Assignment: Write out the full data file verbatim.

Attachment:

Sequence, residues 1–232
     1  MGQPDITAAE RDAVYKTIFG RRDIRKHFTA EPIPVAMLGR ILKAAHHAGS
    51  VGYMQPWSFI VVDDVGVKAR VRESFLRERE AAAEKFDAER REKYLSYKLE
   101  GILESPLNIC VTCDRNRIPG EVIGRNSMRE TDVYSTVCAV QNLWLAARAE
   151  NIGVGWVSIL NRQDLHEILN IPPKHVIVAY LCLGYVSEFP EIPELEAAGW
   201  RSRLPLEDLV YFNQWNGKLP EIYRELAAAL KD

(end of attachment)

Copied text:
Sequence, residues 1–232
     1  MGQPDITAAE RDAVYKTIFG RRDIRKHFTA EPIPVAMLGR ILKAAHHAGS
    51  VGYMQPWSFI VVDDVGVKAR VRESFLRERE AAAEKFDAER REKYLSYKLE
   101  GILESPLNIC VTCDRNRIPG EVIGRNSMRE TDVYSTVCAV QNLWLAARAE
   151  NIGVGWVSIL NRQDLHEILN IPPKHVIVAY LCLGYVSEFP EIPELEAAGW
   201  RSRLPLEDLV YFNQWNGKLP EIYRELAAAL KD